BY THE COURT
challenge to a district court's subject matter
jurisdiction may be raised for the first time on appeal.
Kansas' DUI law, K.S.A. 2016 Supp. 8-1567, is a
self-contained criminal statute, which means that all
essential components of the crime, including the elements,
severity levels, and applicable sentences, are included
within the statute.
sentences are not calculated pursuant to the Kansas
Sentencing Guidelines Act.
Kansas statutes show legislative intent that the Secretary of
Corrections no longer supervise DUI offenders
Inmates on postrelease supervision remain in the legal
custody of the Secretary of Corrections and are subject to
the orders of the Secretary. In contrast, DUI offenders are
on postimprisonment supervision and they remain subject to
the jurisdiction of the district court.
a DUI offender violates the conditions of postimprisonment
supervision, a district court has the discretion to revoke
that supervision and to impose additional jail time.
from Sedgwick District Court; Christopher M. Magana, judge.
F.A. Maughan, of Maughan Law Group LC, of Wichita, for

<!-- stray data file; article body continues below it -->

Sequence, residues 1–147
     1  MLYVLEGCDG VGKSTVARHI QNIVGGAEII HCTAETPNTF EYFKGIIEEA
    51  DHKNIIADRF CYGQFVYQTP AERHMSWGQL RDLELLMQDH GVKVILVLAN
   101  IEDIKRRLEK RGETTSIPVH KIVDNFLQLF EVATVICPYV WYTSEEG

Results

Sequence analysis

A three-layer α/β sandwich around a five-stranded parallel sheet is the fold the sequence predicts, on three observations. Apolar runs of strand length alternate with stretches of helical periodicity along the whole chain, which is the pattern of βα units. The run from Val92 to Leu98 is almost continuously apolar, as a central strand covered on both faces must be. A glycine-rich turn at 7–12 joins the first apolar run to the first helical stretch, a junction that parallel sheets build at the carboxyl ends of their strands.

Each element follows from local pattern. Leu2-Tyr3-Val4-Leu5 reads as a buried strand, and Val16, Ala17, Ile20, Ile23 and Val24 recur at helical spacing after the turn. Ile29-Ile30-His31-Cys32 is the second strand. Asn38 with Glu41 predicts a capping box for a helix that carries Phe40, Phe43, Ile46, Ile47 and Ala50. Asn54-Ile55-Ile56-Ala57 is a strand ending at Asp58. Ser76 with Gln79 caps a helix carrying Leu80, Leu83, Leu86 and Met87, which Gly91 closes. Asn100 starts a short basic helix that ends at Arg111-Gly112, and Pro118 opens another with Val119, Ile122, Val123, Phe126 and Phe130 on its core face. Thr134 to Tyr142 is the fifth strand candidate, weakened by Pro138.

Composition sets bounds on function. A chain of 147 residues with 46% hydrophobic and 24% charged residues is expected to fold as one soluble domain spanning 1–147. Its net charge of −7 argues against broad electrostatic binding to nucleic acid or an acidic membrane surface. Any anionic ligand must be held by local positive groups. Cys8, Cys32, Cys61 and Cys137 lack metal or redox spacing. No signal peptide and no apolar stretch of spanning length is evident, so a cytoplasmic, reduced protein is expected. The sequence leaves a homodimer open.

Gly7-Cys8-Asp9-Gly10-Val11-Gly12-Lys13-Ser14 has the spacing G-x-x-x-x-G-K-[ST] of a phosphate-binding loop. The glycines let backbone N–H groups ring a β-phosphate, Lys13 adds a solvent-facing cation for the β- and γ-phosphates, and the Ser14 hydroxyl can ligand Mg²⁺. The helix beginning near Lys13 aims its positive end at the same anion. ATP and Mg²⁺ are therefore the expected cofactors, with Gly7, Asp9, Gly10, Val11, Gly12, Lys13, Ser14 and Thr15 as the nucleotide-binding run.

J. Gillett, assistant district attorney, Marc Bennett,
district attorney, and Derek Schmidt, attorney general, for
Leben, P.J., Gardner, J., and Walker, S.J.
appeal asks whether the district court has the authority to
revoke the postimprisonment supervision of offenders
convicted of felony DUI. The district court found that it had
the authority to do so, then revoked Bonnie L. Castillo's
supervision and remanded her to jail. We affirm.
and Procedural Background
underlying convictions relevant to this case are two
convictions for driving under the influence (DUI). On October
4, 2013, Castillo drank a fifth of bourbon then drove to the
liquor store to purchase more. While driving home, she was
arrested for DUI and admitted that she was intoxicated to the
extent that she could not safely operate her vehicle. Six
days later, on October 10, 2013, nearly the same events
occurred- Castillo drank a fifth of bourbon over a 3-hour
period, then drove to the liquor store and purchased another
fifth of bourbon. While driving home, Castillo was arrested
for DUI and she admitted that she was intoxicated to the
extent that she could not safely operate her vehicle.
criminal history at the time included the following: 10 DUIs,
a pedestrian under the influence, two counts of transporting
an open container, weapons charges, drug charges, escape from
custody, batteries, thefts, robbery, fleeing and attempting
to elude, and other charges. Pursuant to a plea agreement,
Castillo pleaded guilty to both counts of driving under the
influence, and the State recommended that Castillo be
sentenced to two consecutive 1-year sentences. For each count
of DUI, the district court sentenced Castillo to a 1-year